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[webrtc-pc] When to fire events triggered by setRemoteDescription.

From: henbos via GitHub <sysbot+gh@w3.org>
Date: Fri, 08 Dec 2017 09:30:10 +0000
To: public-webrtc@w3.org
Message-ID: <issues.opened-280426487-1512725408-sysbot+gh@w3.org>
henbos has just created a new issue for https://github.com/w3c/webrtc-pc:

== When to fire events triggered by setRemoteDescription. ==
In the spec, we have explored two approaches to firing events as a result of processing the result of an SRD call:
1. Schedule to fire an event.
2. Fire the event immediately midst-processing.

Both are problematic. 1) is problematic because when we fire later, the states of the event might no longer represent the state that caused the event to fire, and 2) is problematic because the event handler could influence the SRD algorithm.

This issue proposes handling all events triggered by SRD - including pc.ontrack, stream.onaddtrack/onremovetrack, track.onmute/onunmute - the way we handle ontrack. That is: the SRD algorithm creates and adds each event to a list, then when the algorithm is done but before the promise is resolved, we do "for each event, fire event".

For more details, here's essentially what I wrote on https://github.com/w3c/webrtc-pc/pull/1667#discussion_r155505342:

Generally speaking, events are typically scheduled to fire later, so by the time they do the effects of multiple events have already occurred. I think this is bad because the event handler gets fired with objects whose state are not even guaranteed to represent the state that caused them to fire.

Firing the events before the last step is not only important because we want the events to fire before the promise resolves, but because if we don't then calling SRD twice or doing other things before the events fire will yield track information in the event handlers that don't correlate with the event that caused them to fire.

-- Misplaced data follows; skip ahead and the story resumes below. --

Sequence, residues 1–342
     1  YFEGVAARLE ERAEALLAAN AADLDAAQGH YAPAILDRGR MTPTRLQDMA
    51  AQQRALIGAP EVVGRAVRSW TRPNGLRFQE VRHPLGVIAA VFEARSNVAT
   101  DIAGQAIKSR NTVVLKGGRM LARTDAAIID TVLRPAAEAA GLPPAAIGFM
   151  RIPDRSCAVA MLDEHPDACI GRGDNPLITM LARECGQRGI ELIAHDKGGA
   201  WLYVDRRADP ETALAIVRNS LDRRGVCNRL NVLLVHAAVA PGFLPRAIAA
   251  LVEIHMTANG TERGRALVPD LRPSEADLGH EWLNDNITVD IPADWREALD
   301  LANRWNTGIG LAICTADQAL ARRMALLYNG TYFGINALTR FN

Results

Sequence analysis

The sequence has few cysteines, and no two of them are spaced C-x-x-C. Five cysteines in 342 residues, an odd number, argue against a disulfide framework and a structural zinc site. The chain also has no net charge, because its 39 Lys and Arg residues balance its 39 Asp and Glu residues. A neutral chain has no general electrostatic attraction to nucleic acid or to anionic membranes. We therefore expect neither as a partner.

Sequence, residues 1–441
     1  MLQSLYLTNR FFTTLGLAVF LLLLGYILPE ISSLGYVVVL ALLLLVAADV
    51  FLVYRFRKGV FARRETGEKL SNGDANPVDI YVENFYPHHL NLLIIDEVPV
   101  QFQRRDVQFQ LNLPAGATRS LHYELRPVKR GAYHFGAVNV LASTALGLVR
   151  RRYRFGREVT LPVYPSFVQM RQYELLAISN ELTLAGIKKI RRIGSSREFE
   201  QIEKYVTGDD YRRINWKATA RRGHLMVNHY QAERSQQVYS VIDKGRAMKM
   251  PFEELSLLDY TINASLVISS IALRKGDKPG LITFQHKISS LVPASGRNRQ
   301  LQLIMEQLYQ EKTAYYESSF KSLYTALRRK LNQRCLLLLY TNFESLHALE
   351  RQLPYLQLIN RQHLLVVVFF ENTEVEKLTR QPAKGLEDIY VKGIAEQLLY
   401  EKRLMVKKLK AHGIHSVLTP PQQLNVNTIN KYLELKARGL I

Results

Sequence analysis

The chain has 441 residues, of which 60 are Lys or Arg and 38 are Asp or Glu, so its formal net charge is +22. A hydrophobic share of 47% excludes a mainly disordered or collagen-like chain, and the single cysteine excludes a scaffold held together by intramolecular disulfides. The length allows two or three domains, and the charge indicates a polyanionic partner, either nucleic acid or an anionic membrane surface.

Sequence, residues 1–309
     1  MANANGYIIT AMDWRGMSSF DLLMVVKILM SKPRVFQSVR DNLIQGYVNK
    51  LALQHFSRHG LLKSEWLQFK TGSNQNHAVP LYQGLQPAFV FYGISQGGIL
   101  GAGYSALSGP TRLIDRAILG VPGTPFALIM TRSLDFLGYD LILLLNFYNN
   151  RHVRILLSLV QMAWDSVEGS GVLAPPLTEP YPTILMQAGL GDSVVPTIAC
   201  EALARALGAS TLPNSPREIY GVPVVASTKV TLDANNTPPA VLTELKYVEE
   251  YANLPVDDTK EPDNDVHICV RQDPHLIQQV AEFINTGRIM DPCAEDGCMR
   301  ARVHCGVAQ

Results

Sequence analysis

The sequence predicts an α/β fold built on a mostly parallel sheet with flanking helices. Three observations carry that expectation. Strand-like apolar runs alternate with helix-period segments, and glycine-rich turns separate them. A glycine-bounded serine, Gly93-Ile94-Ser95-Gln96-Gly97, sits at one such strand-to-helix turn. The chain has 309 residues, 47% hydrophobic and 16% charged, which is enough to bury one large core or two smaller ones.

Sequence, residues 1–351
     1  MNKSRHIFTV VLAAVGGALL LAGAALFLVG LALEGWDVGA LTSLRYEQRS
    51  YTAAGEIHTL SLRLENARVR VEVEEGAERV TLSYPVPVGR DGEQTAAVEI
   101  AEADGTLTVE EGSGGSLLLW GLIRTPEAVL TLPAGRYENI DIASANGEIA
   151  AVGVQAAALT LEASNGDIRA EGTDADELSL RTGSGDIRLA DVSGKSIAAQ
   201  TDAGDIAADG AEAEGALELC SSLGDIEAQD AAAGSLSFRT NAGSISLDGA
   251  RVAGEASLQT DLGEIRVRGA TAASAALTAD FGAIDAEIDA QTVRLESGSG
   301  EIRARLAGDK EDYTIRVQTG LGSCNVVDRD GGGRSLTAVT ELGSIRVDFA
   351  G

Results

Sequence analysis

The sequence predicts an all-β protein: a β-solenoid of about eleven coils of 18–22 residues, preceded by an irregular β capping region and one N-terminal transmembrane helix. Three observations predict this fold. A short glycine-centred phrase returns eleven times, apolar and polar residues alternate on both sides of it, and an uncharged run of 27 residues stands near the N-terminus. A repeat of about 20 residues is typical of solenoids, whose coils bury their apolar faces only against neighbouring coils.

I also argue that we cannot fire events midst-processing, or else the event handler can both inspect and influence the state of processing algorithm. Something as simple as "for each transceiver, fire an event on the transceiver" would be problematic because the event handler could modify the set of transceiver (or any other state of the PC that the processing algorithm might use) while we are iterating them.

What if you close the pc or stop or add a track in one of the event handlers? The SRD algorithm would have to handle substeps of the algorithm failing. Even if we know we are safe for now, this is not resilient to future changes and implementations are error prone if they don't think about this stuff, like copying or making sure any container is iterable even if it's modified during iteration or else we might crash.

I argue we must:
1. Fire all events after any processing steps.
2. Have fired all events before the last step (before promise is resolved).

So, if a stream with two tracks are both removed, stream.onremovetrack fires twice and in both events stream.getTracks().length == 0, even on the first track's removal event.
The guarantee is: the state of any object in an event is up-to-date with the result of the SRD call. Meaning the stream is empty.

This is consistent with ontrack. If you add two tracks to a stream, inspecting the stream in the first ontrack yields it contains two tracks. If this wasn't the case you would also have a confusing problem:
// Imagine streams only contain the tracks whoose ontrack has fired.
pc.ontrack = (e) => {
  // Shared streams are processed multiple times for each ontrack,
  // we don't know which event represents the final state of the
  // stream, and this is sensitive to the machinery. It's better
  // that each object in any event fired represent the end-result
  // of the SRD.
Guaranteeing the state of the objects represent the end of the SRD is easy to understand, consistent with other event mechanisms and safer and easier to implement.

People should write code handling the end-result, not half-way results. They shouldn't have to care about whether adding or removing tracks from streams is implemented as a an iteration of smaller operations or as an all-or-nothing operation.

Please view or discuss this issue at https://github.com/w3c/webrtc-pc/issues/1691 using your GitHub account
Received on Friday, 8 December 2017 09:30:14 UTC

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